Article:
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Berger Paints Nigeria Plc Annual Report 31 December 2019

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  • Berger Paints Nigeria Plc Annual Report

    31 December 2019

  • Berger Paints Nigeria PlcAnnual Report

    31 December 2019

    1

    Contents Page

    Corporate Information 2

    Financial Highlights 3

    Directors’ Report 4

    Statement of Directors’ Responsibilities 14

    Report of the audit committee 15

    Independent Auditor's Report 16

    Statement of Financial Position 19

    Statement of Profit or Loss and Other Comprehensive Income 20

    Statement of Changes in Equity 21

    Statement of Cash Flows 22

    Notes to the Financial Statements 23

    Other National Disclosures 68

  • Berger Paints Nigeria Plc Annual Report

    31 December 2019

    2

    Corporate InformationBoard of Directors: Abi Ayida - Chairman

    Musa Danjuma - Non - Executive DirectorNelson Nweke - Independent Non - Executive DirectorSanjay Datwani (British) - Non - Executive Director Patrick Buruche - Non - Executive DirectorAdekunle Olowokande - Non - Executive DirectorRaj Mangtani (Indian) - Non - Executive DirectorAnjan Sircar (Indian) - Managing Director (Appointed wef April 30, 2019)

    Company Secretary/Legal Adviser Ayokunle Ayoko

    Registered Office: 102, Oba Akran Avenue,Ikeja, Industrial EstateP.M.B. 21052, Ikeja, Lagos.

    Contact Details Tel: +234(01)2805167, 28095169Mobile: +234(01)2805167, 280951690700BERGERPAINTS [0700237437724687]Email: [email protected]: www.bpnplc.com

    Social Media Accounts Website: www.bergerpaints.com.ngFacebook: www.facebook.com/BergerPaintsNigeriaPlcLinkedIn: www.linkedin.com/company/berger-paints-nigeria-plcTwitter: www.twitter.com/BergerPaintsNgInstagram: www.instagram.com/bergerpaintsnigeriaplc.You Tube: www.youtube.com/channel/UCD_T-Wid299NWbfHxA4rGXg

    NSE Trading Information Trading Name: Berger Paints Nig. Plc. (Berger)Ticker Symbol: BergerSector: Industrial GoodsSub Sector: Building MaterialsMarket Classification: Main Board

    Registration Number: RC: 1837

    FRC Registration Number: FRC/2012/0000000000295

    Registrars: Meristem Registrars Limited213, Herbert Macaulay Way, Adekunle, Yaba, Lagos.P.O. Box 51585, Falomo, Ikoyi, LagosTel: 8920491, 8920492, 01-2809250-3Email: [email protected]: www.meristemregistrars.com

    Independent Auditor: KPMG Professional ServicesKPMG TowerBishop Aboyade Cole Street,Victoria Island, LagosTel: +234-1-2694660-4

    Bankers: Access Bank Plc Keystone Bank LimitedEcobank Nigeria Limited Polaris Bank LimitedFidelity Bank Plc Union Bank of Nigeria PlcFirst Bank of Nigeria Limited United Bank for Africa PlcFirst City Monument Bank Limited Wema Bank PlcGuaranty Trust Bank Plc Zenith Bank PlcHeritage Bank Ltd

  • Berger Paints Nigeria PlcAnnual Report

    31 December 2019

    3

    Financial HighlightsIn thousands of naira

    2019 2018 %

    Revenue 3,584,804 3,377,223 6

    Gross profit 1,664,324 1,480,361 12

    Operating profit 512,928 442,299 16

    Profit before minimum tax 551,561 454,328 21

    Profit before income tax 533,099 454,328 17

    Profit for the year 448,733 320,509 40

    Share capital 144,912 144,912 -

    Total equity 3,073,400 2,813,052 9

    Data per 50k share

    Basic earnings per share (kobo) 155 111 40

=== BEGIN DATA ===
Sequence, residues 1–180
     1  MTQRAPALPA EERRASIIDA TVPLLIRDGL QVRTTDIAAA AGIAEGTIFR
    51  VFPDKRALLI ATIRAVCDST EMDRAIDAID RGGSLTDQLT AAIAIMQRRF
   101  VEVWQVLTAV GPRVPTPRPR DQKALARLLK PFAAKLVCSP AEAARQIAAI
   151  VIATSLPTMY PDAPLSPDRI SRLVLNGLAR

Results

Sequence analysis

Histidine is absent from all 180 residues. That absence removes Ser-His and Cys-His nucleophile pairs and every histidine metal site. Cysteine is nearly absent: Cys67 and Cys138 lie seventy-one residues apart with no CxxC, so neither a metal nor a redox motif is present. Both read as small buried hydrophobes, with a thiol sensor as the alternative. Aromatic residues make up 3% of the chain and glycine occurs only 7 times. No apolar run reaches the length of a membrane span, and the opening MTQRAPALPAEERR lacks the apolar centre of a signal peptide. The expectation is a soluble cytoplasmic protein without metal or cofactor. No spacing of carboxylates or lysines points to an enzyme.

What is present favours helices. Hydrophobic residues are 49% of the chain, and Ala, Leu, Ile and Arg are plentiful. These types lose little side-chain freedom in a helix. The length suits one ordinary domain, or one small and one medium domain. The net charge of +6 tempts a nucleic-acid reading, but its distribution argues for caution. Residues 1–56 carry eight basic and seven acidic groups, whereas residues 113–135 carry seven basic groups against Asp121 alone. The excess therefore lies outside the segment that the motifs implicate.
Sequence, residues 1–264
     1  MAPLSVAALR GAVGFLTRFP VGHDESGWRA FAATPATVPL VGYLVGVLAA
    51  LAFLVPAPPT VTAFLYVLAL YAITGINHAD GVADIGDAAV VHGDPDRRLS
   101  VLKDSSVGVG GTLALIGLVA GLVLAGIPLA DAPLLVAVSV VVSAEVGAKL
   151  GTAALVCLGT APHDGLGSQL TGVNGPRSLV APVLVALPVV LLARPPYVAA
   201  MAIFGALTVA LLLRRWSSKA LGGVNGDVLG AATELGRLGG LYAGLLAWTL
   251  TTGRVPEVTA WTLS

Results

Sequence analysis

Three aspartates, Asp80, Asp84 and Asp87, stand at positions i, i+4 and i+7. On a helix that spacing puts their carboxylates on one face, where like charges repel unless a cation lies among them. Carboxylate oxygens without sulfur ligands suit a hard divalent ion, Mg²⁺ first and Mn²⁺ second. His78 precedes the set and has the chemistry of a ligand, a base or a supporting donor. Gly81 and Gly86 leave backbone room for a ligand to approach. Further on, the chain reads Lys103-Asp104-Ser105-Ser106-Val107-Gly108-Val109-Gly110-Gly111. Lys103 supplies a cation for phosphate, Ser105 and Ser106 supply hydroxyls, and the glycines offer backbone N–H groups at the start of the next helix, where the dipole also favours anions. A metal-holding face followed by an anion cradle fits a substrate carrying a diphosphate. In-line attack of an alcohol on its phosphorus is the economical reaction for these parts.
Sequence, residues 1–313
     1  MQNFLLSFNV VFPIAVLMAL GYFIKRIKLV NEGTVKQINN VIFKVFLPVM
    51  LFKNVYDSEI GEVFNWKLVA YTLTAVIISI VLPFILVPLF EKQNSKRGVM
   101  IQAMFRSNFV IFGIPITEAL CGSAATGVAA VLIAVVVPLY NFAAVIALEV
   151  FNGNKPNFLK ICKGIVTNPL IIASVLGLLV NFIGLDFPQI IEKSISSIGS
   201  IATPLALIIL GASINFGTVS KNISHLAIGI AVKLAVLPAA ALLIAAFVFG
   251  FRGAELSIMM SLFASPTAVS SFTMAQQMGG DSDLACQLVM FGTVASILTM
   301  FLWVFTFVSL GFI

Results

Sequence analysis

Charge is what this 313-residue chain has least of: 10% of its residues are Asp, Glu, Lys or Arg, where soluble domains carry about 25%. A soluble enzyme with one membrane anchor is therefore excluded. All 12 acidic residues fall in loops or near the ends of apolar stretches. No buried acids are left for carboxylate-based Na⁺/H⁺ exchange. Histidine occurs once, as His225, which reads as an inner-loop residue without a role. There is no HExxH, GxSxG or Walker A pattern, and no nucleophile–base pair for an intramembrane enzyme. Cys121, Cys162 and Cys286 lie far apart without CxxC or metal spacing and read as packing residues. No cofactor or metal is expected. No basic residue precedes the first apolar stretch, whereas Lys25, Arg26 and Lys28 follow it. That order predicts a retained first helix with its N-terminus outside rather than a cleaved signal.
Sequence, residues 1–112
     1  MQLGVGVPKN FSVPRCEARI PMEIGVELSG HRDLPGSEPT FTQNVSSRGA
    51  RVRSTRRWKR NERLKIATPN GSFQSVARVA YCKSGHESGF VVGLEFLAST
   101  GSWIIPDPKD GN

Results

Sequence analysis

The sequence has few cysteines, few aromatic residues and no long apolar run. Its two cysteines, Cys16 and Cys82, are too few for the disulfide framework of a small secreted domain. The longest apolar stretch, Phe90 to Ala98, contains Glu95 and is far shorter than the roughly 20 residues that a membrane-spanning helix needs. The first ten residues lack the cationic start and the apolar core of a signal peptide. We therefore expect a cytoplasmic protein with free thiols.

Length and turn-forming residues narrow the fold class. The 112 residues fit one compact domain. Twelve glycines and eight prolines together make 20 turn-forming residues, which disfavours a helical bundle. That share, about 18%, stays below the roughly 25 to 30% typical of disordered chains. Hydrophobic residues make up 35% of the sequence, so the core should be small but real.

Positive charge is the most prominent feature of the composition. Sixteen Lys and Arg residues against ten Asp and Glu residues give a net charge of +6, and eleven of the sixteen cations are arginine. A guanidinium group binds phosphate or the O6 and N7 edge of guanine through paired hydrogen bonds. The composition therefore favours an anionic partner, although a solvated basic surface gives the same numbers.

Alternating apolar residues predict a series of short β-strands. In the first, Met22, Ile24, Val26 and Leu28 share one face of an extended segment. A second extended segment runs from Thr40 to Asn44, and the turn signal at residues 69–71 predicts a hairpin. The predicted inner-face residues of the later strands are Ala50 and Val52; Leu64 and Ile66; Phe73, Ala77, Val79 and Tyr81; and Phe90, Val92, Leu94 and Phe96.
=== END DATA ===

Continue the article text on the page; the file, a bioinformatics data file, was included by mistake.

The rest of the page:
Declared dividend* 65 50 30

    Net assets per share (Naira) 10.60 9.71 9 Market price per share as at year end (Naira) 6.75 8.60 (22)Market capitalization as at year end 1,956,312 2,492,482 (22)

    Dividend per 50k share in respect of current year results only

    Dividend proposed (kobo)** 25 65 (62)

    *Declared dividend represents the dividend proposed for the preceding year but declared during the current year.

    **The Directors propose a dividend of 25 kobo (2018: 65 kobo) per share on issued share capital of 289,823,447 (2018:289,823,447) ordinary shares of 50 kobo each, subject to approval by the shareholders at the Annual General Meeting.

  • Directors' report For the year ended 31 December 2019

    Berger Paints Nigeria PlcAnnual Report

    31 December 2019

    4

    1. Legal status

    2. Principal activities

    3. Operating results

    In thousands of nairaRevenueOperating profitProfit before minimum taxProfit before income taxProfit for the yearTotal comprehensive income for the year

    4. Dividend

    5. Corporate Governance Whistleblowing

    Respect For Law

    448,733 320,509

    The directors are pleased to recommend to shareholders the payment of a dividend of 25 kobo per share for the2019 financial year which amounts to ₦72,456,000 subject, to the approval of the members at the Annual GeneralMeeting (2018: ₦188,385,000, that is, 65 kobo per share). If approved, the dividend is payable less withholdingtax to all members whose names appear in the Company’s Register of Members as at the close of business onApril 29, 2019.

    The Board encourages the exposure of unethical practices and all reported cases are investigated while the whistleblower is protected. Our Whistle Blowing Policy is displayed throughout our premises and on our website. BergerPaints Nigeria Plc. conducts its business with integrity and diligence and with total consideration for the interestof the shareholders and other stakeholders.

    Berger Paints Nigeria Plc. ensures that its existence and operations remain within the law and its employees arerequired to comply with the laws and regulations of Nigeria. To this end, the Company has a Code of Ethics which is publicly available and subscribed to by directors, staff and contractors. The Company, being a listed Companystrives to comply with all laws and regulations, including post-listing requirements of the Nigerian StockExchange and the Rules and Regulations of the Securities and Exchange Commission, as well as the Code ofCorporate Governance. To this end, returns were made periodically to the relevant regulatory authorities as andwhen due.